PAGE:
Mann has since leapfrogged Kennard, who has been held back by a hesitance Mann has not shown.
“Never ever, ever, ever, ever bet against consistent behavior,” Young said. “His consistent behavior is to get better every year.”
Lue can see traces of his own path in Mann’s. More than two decades ago, Lue was a young guard fighting to build trust on a team with championship expectations too. If the Lakers needed him to guard John Stockton, Lue did it.
Milwaukee star Giannis Antetokounmpo played like a two-time NBA MVP, spearheading a late charge by the Bucks to send the Clippers to a 105-100 loss.
“He was working hard last year,” Lue said. “This year he’s able to play more free. I think not playing the point guard position and just being a two or a three, he’s able to slash and cut and fill the lanes and offensive rebound — things like that that have really opened his game up for him.”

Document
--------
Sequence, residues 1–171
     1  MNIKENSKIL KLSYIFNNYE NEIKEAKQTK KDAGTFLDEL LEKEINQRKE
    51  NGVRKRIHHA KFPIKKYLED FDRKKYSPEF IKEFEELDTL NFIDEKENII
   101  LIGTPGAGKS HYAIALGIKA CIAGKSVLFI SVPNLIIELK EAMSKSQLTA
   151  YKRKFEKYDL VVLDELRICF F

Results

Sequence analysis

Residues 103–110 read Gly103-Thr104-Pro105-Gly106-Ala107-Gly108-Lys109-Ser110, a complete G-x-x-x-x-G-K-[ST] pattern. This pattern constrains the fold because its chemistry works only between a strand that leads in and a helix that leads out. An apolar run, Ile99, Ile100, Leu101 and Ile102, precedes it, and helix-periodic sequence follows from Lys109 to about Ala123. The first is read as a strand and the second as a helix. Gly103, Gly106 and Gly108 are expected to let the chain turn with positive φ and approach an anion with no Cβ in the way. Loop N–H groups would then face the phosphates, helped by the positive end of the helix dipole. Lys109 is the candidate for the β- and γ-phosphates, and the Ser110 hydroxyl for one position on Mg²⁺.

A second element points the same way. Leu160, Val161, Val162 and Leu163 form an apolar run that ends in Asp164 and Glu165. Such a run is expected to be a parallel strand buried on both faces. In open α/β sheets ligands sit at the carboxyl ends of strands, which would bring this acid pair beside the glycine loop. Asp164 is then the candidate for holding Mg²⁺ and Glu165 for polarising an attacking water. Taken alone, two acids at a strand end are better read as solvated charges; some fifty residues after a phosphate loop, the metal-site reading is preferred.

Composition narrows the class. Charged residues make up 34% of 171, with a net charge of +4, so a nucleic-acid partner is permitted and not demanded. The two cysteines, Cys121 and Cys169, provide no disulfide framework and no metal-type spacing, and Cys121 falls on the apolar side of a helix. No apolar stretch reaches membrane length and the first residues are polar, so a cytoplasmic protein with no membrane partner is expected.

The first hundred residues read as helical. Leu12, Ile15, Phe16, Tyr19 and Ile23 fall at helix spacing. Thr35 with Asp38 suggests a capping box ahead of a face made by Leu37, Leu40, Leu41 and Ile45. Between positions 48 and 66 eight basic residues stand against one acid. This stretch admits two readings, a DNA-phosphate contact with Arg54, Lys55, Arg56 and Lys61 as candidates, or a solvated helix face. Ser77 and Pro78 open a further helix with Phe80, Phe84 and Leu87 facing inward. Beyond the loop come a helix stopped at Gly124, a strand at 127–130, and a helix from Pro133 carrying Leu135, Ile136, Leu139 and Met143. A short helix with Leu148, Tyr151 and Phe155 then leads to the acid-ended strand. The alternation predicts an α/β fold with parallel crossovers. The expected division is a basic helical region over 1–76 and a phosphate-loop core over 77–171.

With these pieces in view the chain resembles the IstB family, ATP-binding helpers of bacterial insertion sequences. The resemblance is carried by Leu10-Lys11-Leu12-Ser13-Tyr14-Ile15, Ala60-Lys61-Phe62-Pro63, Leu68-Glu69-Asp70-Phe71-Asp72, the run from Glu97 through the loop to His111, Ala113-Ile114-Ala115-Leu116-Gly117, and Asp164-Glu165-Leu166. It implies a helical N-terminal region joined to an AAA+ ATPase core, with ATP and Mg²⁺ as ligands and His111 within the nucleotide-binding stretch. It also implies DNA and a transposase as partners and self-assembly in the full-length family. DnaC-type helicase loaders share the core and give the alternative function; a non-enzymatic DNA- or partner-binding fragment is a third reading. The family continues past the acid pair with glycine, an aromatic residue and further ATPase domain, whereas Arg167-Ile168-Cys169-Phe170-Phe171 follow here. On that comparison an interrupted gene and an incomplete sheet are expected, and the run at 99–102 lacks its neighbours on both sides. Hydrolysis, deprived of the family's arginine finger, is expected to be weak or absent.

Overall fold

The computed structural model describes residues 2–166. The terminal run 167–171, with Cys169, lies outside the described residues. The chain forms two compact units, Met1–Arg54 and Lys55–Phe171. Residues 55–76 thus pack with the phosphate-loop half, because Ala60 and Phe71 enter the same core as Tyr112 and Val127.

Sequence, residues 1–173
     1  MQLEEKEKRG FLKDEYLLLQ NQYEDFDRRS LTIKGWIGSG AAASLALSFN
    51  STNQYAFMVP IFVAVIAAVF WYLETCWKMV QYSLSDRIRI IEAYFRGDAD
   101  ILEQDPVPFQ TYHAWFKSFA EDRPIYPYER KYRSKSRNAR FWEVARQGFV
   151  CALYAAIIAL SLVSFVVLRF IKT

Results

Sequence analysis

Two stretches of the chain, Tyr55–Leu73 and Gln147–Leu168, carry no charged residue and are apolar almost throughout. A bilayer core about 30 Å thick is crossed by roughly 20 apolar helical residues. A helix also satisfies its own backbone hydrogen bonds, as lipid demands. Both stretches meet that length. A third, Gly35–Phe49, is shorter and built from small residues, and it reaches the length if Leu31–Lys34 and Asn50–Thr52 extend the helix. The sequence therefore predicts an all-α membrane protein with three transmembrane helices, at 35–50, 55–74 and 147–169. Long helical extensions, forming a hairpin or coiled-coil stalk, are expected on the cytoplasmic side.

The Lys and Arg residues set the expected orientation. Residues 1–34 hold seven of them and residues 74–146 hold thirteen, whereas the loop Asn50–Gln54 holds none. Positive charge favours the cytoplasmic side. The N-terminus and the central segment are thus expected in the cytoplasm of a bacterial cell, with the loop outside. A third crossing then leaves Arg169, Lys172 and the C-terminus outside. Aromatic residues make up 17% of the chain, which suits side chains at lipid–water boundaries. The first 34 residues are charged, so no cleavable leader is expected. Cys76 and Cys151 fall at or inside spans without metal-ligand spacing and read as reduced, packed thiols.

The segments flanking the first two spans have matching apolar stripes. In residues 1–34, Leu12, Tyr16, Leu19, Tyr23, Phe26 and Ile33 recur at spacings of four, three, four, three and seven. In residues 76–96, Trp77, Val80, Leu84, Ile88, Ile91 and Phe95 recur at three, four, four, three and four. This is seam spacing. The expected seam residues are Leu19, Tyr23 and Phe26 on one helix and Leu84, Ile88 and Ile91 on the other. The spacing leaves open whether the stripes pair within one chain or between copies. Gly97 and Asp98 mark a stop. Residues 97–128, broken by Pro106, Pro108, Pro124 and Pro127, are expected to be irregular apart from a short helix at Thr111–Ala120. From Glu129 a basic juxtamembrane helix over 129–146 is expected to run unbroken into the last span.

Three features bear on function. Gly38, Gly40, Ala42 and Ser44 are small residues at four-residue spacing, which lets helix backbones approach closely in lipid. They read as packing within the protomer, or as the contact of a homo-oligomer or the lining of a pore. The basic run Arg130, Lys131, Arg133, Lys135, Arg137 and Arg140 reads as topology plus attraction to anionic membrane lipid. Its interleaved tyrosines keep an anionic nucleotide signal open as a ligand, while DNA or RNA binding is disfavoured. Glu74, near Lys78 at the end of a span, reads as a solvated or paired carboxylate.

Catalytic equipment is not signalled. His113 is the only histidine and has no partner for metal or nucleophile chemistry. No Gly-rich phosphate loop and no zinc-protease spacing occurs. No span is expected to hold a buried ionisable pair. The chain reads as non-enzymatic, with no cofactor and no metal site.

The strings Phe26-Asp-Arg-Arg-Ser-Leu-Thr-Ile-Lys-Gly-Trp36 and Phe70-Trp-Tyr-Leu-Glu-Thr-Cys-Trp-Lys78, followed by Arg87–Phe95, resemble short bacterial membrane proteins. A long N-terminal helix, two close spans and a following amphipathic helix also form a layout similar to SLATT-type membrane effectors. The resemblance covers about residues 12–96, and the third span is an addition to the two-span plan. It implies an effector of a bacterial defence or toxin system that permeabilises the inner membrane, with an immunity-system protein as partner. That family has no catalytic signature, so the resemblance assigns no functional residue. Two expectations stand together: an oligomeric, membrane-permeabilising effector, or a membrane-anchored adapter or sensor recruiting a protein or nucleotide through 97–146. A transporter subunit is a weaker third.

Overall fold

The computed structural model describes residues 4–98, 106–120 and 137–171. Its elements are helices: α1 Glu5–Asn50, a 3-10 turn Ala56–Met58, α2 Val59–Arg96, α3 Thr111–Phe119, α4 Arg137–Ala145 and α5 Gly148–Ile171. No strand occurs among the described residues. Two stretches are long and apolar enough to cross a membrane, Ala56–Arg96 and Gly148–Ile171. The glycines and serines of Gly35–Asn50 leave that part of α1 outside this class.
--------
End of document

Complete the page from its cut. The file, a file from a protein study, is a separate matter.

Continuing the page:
Things like that always have. It was why, after Mann played 29 minutes against Utah last month, La-Force wasn’t surprised to hear her son’s first comments during their postgame talk.
“Mom,” Mann said. “Did you see that pass I threw to Amir in the corner?”
When: 4:30 p.m. PST, Tuesday
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Update: The Celtics (17-17) had lost 14 of 22 before beating Indiana on Friday and Washington on Sunday. Boston ranks 12th in net rating, with Jayson Tatum averaging a team-high 25.2 points and Jaylen Brown averaging 25, but Brown is questionable to play because of a sore left knee. Patrick Patterson remains out for the Clippers (24-12) because of personal reasons.